The CCI’s move to investigate a fight between two sets of telecom operators was the first by the competition regulator since thus far it was the Telecom Regulatory Authority of India (Trai) and Telecom Disputes Settlement and Appellate Tribunal (TDSAT) that decided on telecom cases.
In a major relief for incumbent operators like Bharti Airtel, Vodafone India and Idea Cellular, the Bombay High Court on Thursday quashed the order of the Competition Commission of India (CCI) to conduct a detailed investigation into the charges of cartelisation raised by Reliance Jio against them. “The Bombay High Court has quashed the order passed by CCI under Section 26 (1) of the Competition Act and all the notices issued pursuant to the order by director general CCI,” the Cellular Operators Association of India’s counsel Harsh Kaushik told FE. The CCI had in May admitted a petition by Jio which had approached it in November last year alleging that the incumbents are abusing their dominant market power by forming a cartel of sorts and denying it the requisite number of points of interconnect (PoI), which it said was inconveniencing its customers. The CCI’s move to investigate a fight between two sets of telecom operators was the first by the competition regulator since thus far it was the Telecom Regulatory Authority of India (Trai) and Telecom Disputes Settlement and Appellate Tribunal (TDSAT) that decided on telecom cases.
Welcoming the Bombay HC order, COAI director general Rajan S Mathews said that the court has vindicated the stand of the operators and the industry body. “All along we were saying that there was no cause of action and that there was no prima facie case against us. There was a dissent by two members of the CCI on this. That tells you that there was no consistent thinking in terms of the allegations and the underlying rationale and validity of the accusations,” he added. Though a detailed order copy is still awaited, a lawyer told FE that the court held that the issue involved in the matter is to be determined by the expert adjudicatory body, that is the TDSAT. In fact, the CCI order to conduct a cartelisation probe against the three incumbent operators and their industry association, COAI, was not a unanimous one. Two out of six members had presented a dissent note.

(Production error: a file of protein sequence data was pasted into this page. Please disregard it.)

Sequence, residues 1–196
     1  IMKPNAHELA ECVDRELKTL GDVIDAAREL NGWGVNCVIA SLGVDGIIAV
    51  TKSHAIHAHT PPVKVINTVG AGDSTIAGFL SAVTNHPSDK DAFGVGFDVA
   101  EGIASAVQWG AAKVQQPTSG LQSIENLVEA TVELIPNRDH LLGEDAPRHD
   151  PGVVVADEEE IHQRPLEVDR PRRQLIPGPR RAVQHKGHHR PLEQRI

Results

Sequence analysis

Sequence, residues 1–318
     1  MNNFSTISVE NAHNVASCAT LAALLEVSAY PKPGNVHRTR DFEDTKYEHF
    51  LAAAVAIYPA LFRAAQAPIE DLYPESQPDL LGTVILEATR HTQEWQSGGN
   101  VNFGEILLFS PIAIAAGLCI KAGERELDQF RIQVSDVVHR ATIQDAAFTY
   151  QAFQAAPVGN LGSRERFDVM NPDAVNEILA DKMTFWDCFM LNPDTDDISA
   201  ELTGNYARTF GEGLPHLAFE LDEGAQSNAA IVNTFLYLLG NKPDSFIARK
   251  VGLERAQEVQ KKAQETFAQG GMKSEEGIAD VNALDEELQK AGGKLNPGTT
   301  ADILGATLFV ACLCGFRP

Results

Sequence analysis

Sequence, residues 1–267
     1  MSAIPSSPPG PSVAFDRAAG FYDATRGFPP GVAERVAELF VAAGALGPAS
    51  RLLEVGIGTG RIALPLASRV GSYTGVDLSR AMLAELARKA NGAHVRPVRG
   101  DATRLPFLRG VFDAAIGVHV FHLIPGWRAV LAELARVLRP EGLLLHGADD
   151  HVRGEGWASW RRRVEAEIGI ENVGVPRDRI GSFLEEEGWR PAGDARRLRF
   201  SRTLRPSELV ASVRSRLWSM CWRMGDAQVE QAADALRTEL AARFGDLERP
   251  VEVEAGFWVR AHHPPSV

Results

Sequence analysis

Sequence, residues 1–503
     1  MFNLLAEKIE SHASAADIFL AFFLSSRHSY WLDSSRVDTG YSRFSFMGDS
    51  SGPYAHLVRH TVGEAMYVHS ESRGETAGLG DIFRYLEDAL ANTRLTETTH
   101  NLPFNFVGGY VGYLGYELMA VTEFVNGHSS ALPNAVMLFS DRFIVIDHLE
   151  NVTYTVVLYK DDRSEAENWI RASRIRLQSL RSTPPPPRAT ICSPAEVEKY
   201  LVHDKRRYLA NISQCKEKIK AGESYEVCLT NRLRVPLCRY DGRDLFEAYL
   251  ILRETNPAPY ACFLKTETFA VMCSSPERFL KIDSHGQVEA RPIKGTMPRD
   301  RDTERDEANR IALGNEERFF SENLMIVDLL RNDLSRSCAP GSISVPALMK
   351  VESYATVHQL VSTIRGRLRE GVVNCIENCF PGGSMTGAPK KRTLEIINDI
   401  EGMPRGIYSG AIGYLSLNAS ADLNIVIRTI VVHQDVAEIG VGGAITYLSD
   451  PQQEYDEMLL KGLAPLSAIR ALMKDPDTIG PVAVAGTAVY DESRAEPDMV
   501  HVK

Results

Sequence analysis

Members Sudhir Mittal and justice GP Mittal in their dissent note had blamed Jio for violating regulatory norms by creating a huge subscriber base before the commercial launch, giving wrong estimates of its subscriber base and average call duration, which were responsible for congestion of its network. The two members had also clearly stated that it is not the job of the CCI to be concerned with sufficiency of PoIs as these are to be dealt with by Telecom Commission/Trai/Department of Telecommunications/TDSAT. “The fact remains that there is no material from which the commission at this stage can hold even prima facie that the incumbent telecom operators (ITOs) acted in concert to impede the entry of Jio in the market and to limit supply, technical development and provision of services in the market,” the two had said in their dissent note. While CCI had admitted the petition of Jio against cartelisation by the incumbents and ordered a probe, it had dismissed a petition by Bharti Airtel alleging that Jio had indulged in predatory pricing and anti-competitive behaviour.